Knowledgebase
Resource Monitor Plugin for cPanel/WHM
Posted by Jeff B on 23 December 2016 10:40 AM

What is the Resource Monitor cPanel/WHM Plugin?

Resource Monitor helps you quickly identify the cPanel users on your server that are using the highest amount of server resources. It filters high resource cPanel users based on CPU usage, memory usage, MySQL usage and disk usage and is displayed right inside the WebHostManager.

How Much is Resource Monitor?

Resource Monitor is FREE with the purchase of a cPanel license from BuycPanel.com!

Server Requirements

Server side:      

Ioncube & CURL for cPanel's internal PHP (Install through WHM and EasyApache!)                              
cPanel/WHM: 11.54+
PHP: 5.3+    OR
PHP: 5.2        

Older editions of cPanel must run version 3.2 of Resource Monitor

Client side:        

All of the most recent versions of Firefox, Safari, Chrome and IE9+

Installation Instructions

Step 1: Download the RSMonitor file located at https://helpdesk.buycpanel.com/index.php?/Knowledgebase/Article/View/30/0/resource-monitor-for-cpanel  (Click file at bottom of webpage to download)

Step 2: Upload file to the server (any folder)

Step 3: Run "tar xvfz rsmonitor_XXXX.tar.gz" to untar the file rsmonitor.tar.gz using command line.

Step 4: cd rsmonitor

Step 5: Run "./install.sh" - Wait 60 seconds for install to complete. 

That's it! RSMonitor is now installed in your WHM!

NOTE: Wait for at least 48 hours to see you cPanel/WHM usage statistical reports.  RSMonitor is automatically added to your server's CRON.

To access RSMonitor check the plugins section of your WHM by logging into WHM then clicking PLUGINS in the "HOME" WHM screen, then RESOURCE MONITOR.

Make sure to enter the license key you received from BuycPanel.com to activate the product.

Uninstallation Instructions:

To uninstall: just run the uninstall.sh script

General Tab Usage:

This is a description of each of the Resource Monitor tabs inside of the WHM, and what function they perform.

Overview:
A general look at the current resource usage and pertinent server information. 

Top Users:
A breakdown of users with the highest consumption of memory resources on thesystem and a comparison their individual statistics.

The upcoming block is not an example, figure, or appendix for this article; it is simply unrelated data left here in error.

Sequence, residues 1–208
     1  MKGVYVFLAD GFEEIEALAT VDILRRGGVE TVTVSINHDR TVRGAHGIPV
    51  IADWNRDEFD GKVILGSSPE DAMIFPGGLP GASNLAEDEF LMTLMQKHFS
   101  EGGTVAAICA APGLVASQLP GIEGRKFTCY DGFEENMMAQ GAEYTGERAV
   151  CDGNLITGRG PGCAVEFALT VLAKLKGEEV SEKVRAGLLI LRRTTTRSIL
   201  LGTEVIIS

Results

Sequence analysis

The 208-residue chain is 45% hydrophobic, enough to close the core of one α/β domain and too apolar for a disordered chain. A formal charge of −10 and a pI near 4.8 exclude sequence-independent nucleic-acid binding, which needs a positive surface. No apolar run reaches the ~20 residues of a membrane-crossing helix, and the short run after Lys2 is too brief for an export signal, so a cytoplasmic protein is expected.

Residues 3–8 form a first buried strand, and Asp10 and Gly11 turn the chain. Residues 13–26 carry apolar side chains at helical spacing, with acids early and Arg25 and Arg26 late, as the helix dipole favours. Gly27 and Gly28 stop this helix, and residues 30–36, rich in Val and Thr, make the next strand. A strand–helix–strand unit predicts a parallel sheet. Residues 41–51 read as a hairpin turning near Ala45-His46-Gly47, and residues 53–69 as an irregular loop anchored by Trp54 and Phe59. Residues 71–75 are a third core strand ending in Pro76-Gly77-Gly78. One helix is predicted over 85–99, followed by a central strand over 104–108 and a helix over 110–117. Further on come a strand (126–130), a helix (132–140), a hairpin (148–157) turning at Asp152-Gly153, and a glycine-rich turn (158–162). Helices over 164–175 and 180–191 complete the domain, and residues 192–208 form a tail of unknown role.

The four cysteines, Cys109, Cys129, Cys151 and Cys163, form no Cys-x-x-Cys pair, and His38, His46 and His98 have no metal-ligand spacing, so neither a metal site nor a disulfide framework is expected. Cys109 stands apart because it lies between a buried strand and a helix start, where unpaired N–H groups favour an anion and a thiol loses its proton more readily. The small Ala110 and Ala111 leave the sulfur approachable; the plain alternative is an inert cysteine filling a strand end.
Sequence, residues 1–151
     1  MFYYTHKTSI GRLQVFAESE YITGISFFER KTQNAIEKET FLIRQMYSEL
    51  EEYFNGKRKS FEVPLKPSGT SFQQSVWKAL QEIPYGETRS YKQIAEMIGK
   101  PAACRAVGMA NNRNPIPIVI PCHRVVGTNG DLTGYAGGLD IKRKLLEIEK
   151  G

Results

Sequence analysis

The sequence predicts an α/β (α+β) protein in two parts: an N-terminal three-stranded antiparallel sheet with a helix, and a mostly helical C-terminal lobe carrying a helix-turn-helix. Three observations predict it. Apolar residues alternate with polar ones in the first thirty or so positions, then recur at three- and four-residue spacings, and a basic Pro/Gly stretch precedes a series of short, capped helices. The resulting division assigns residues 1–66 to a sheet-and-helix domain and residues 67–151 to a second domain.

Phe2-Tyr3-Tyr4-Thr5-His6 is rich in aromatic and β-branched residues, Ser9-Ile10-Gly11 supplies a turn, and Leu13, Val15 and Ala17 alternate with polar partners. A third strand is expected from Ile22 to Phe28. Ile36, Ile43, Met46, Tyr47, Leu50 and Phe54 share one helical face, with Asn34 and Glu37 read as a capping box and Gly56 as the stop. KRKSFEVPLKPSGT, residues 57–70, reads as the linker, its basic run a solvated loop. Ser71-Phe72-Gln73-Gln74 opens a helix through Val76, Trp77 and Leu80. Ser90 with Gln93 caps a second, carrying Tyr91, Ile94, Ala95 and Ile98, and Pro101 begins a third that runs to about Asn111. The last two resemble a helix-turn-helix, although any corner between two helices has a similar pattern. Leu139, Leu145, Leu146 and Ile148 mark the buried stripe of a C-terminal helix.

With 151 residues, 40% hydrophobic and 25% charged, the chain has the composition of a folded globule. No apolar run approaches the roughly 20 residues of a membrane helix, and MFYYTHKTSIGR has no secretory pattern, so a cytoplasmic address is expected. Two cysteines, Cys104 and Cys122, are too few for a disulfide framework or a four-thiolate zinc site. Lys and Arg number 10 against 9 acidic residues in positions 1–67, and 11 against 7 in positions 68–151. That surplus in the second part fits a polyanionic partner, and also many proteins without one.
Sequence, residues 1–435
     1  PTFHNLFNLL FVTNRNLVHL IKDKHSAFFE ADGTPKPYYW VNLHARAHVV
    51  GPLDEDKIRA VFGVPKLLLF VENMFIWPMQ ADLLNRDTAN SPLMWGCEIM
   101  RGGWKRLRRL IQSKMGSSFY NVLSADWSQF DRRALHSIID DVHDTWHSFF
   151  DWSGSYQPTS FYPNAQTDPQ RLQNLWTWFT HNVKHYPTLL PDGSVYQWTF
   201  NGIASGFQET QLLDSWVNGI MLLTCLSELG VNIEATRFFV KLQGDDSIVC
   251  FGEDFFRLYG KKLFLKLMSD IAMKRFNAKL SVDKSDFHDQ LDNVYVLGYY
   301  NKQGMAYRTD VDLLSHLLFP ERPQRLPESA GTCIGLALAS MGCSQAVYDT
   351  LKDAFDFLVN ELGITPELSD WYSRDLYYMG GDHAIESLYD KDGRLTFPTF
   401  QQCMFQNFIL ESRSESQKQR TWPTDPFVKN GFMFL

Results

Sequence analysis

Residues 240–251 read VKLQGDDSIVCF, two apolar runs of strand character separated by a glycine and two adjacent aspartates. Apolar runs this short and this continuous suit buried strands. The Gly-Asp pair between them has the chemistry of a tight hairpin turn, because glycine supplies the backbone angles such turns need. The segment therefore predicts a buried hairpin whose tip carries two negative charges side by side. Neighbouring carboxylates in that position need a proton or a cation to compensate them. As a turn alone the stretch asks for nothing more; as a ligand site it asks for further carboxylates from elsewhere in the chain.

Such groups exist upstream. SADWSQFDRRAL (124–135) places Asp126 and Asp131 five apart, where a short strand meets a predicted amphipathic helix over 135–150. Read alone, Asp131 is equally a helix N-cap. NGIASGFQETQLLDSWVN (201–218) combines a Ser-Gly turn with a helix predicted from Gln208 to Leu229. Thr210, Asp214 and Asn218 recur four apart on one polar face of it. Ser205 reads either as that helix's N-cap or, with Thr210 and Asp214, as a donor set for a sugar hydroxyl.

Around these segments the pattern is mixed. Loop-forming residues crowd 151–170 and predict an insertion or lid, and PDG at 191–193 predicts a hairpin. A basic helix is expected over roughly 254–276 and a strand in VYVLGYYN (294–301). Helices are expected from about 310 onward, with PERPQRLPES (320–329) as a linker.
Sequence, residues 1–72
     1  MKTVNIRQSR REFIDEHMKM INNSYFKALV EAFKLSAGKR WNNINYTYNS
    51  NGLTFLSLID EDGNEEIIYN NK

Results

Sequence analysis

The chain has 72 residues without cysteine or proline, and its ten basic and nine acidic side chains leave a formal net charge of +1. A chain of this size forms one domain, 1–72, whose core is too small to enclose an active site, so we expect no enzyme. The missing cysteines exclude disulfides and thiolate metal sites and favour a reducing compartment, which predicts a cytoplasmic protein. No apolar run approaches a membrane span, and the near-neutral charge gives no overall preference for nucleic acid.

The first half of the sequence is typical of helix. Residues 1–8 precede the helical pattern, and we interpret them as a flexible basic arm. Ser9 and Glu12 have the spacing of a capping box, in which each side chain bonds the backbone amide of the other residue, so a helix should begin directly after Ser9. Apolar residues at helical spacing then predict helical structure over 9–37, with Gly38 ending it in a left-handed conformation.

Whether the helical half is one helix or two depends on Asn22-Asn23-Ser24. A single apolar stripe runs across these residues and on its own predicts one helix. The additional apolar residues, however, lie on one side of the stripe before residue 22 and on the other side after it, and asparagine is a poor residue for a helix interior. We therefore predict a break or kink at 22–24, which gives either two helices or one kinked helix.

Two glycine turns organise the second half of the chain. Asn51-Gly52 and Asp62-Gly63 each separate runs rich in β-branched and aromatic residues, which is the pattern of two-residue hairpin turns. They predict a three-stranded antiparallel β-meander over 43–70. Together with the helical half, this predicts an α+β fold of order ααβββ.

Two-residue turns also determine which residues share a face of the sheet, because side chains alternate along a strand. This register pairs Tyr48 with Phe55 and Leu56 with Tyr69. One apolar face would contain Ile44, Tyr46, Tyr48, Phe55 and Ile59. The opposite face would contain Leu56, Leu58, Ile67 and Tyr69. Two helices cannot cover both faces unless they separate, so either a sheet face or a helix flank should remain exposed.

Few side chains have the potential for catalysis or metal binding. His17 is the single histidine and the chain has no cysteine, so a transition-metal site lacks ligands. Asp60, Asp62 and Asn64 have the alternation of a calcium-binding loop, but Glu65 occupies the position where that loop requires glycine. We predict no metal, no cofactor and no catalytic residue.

CPU:
A breakdown of users with the highest load on the system CPU (users and systemusers).

Memory:
A breakdown of users with the highest consumption of physical memory (RAM) onthe system (users and system users). 

Mysql:
A breakdown of users with the highest consumption of Mysql resources on thesystem (users and system users). 

Disk:
A breakdown of the users taking up the most hard disk space on the system. 

Settings:
Set threshold settings for these reports as well as notification settings forthe exceeding of thresholds.

General Gauge Usage:

Here are some general descriptions of the gauges inside Resource Monitor and what they might mean to you as a cPanel/WHM system administrator:

System:
Gives a general projection of the server's resource usage based on current service and memory utilization.

Memory:
The percentage of the total physical memory (RAM) that is currently being utilized. 

Cached: 
The percentage of the total cache memory that is currently being utilized.

CPU:
The percentage of total CPU power that is currently being utilized.

Disk: 
The percentage of total disk space that is currently being utilized.

Note: Clicking on any tab will take you to a list of high resource users on the system for that particular resource, which gives you the ability to display usage statistics for a specified date range. You can change threshold settings for each individual service by clicking on the Settings tab. 

Download Instructions

Download the file below, and follow the installation instructions in the article above.

 

Troubleshooting

I see a number listed as one of the users in my Resource Monitor results. I do not have a cPanel user with that number as the username. Where did this user come from? 

This is due to the behavior of the Linux "ps" command, which returns the UID instead of a username if the username exceeds 8 characters in length. You can determine the username of a Linux user from their UID by looking in /etc/passwd, or by running one of the following commands (assuming UID of 502; replace with your UID): 

awk -v val=502 -F ":" '$3==val{print $1}' /etc/passwd

or

getent passwd "502" | cut -d: -f1



Attachments 
 
 rsmonitor_v3.3.tar.gz (1.93 MB)
 rsmonitor_v4.0.tar.gz (1.99 MB)
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